Each week, Crowell & Moring’s State Attorneys General team highlights significant actions that State AGs have taken. Here are this week’s updates.
Monday, April 19, 2021:
- The Consumer Financial Protection Bureau (“CFPB”) issued an interim final rule in support of the CDC’s eviction moratorium, requiring debt collectors to provide written notice to tenants of their rights under the moratorium and barring them from misrepresenting tenants’ eligibility for protection from eviction. Those who evict tenants who may have rights without providing notice of the eviction moratorium or who misrepresent tenants’ rights under it may be prosecuted by federal agencies and state attorneys general for violating the Fair Debt Collection Practices Act and are also subject to tenants’ private lawsuits.
- Washington Attorney General Ferguson announced that the Washington Legislature passed the Consumer Protection Improvement Act, a bill requested by the attorney general, which increases the maximum civil penalties for consumer protection violations from $2,000 to $7,500, the first time the penalties have been raised since the law was adopted in 1970. The bill also includes an enhanced penalty of $10,000 for violations that target vulnerable communities.
- A bipartisan coalition of 42 attorneys general, led by North Carolina Attorney General Stein, Tennessee Attorney General Slatery, and Illinois Attorney General Raoul, sent a letter to online mobile marketplace OfferUp asking it to act to prevent blank or fraudulent COVID-19 vaccine cards from being sold on its platform. Specifically, the coalition is asking OfferUp to monitor its platform for ads selling these fraudulent or blank cards, promptly take down these ads or links, and preserve information about the ads and those selling them.
- North Carolina Attorney General Stein announced a settlement with a doctor and Angier Pediatric and Adult Medical Center for allegedly submitting false claims to Medicaid for tests that were not medically necessary, had no supporting documentation, and/or were performed in violation of Medicaid rules. The doctor and medical center have agreed to pay $60,000.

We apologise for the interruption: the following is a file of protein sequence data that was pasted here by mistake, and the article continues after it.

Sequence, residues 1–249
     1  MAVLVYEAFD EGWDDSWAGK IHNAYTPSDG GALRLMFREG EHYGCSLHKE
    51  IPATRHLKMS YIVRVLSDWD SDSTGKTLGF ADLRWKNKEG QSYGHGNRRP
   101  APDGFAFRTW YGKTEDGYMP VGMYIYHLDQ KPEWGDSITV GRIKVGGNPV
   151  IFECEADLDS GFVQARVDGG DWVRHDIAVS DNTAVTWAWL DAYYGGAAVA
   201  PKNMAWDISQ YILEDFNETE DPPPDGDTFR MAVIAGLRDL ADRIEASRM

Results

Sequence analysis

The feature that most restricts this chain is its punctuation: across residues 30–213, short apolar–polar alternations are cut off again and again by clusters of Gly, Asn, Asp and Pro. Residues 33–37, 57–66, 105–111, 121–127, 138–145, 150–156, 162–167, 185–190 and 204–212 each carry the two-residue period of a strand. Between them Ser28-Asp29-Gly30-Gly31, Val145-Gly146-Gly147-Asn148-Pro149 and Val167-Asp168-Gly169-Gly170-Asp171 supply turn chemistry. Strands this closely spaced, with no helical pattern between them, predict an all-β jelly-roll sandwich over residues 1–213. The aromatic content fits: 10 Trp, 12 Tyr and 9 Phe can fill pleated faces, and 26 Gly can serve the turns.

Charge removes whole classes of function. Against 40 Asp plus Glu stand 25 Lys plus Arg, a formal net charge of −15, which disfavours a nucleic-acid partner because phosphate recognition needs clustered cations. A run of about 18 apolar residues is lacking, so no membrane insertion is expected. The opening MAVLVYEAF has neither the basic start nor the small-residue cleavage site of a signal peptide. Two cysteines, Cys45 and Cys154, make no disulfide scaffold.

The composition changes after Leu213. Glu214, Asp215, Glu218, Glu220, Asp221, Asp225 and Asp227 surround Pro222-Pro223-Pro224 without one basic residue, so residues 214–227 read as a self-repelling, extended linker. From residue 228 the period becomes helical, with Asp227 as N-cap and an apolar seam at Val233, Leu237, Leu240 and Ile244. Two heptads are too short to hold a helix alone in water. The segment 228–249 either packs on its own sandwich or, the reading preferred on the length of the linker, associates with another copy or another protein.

- New York Attorney General James is defending New York’s rent stabilization laws in the Housing Stability and Tenant Protection Act, amended in 2019, against challenges to their constitutionality in a case that is currently pending on appeal in the Second Circuit.
- The California Department of Justice announced a plea agreement with grocery store Apna Bazar for price gouging essential food items, following charges announced in May 2020. The grocery store has pleaded guilty to two counts of price gouging and also agreed to make a $20,000 donation to the Alameda County Community Food Bank. An investigation revealed the grocery store increased prices between 60% and 400% on grocery items such as yellow onions, ginger, green beans, instant noodles, tea, chili peppers, pomegranates and red yams.
Tuesday, April 20, 2021:
- The New Hampshire Attorney General’s Office announced that the Charitable Trusts Unit and Consumer Protection and Antitrust Bureau completed their reviews of the proposed sale of the assets of LRGHealthcare to Concord Hospital, Inc. The Charitable Trusts Unit will not oppose the transaction at this time, and the Antitrust Bureau filed a proposed Final Judgment on April 20, 2021 containing agreed-upon terms such as protections for addressing demands for unfair payment rates and protections for physicians and clinicians in relation to restrictive covenants.
- Minnesota Attorney General Ellison announced that his office settled a lawsuit against St. Patrick’s Tavern & Restaurant for allegedly violating Governor Tim Walz’s executive orders by remaining open for indoor, on-premises food and beverage consumption when it was required to be closed. Under the consent judgment, the restaurant must pay a $15,000 fine and comply with current and future executive orders.
- New York Attorney General James announced a $4 million agreement with American Axle & Manufacturing which resolves allegations of hazardous waste disposal and oil spill contamination at the former Tonawanda Forge site.
- Colorado Attorney General Weiser announced that Rocky Mountain Health Plans, a UnitedHealth Group company, is donating $30 million to increase access to health care in Colorado. The donation includes $25 million to fund STEM education for young women and people of color as well as other programs and $5 million in support of nonprofit organizations that provide youth opportunities and mental health services and support.
- Georgia Attorney General Carr warned consumers about purchasing over the counter hearing aids, none of which are currently approved by the FDA. According to the press release, since medically approved hearing aids are expensive and not covered by Medicare, some ineffective devices have been offered at lower prices.
- Michigan Attorney General Nessel filed an amicus brief before the Michigan Unemployment Insurance Appeals Commission in support of the claimant, arguing that part-time workers, including those who are disabled, are not excluded from receiving CARES Act funds. Attorney General Nessel is asking the Commission to reverse the decision of an Administrative Law Judge which found that these workers are categorically excluded.
State AG Office News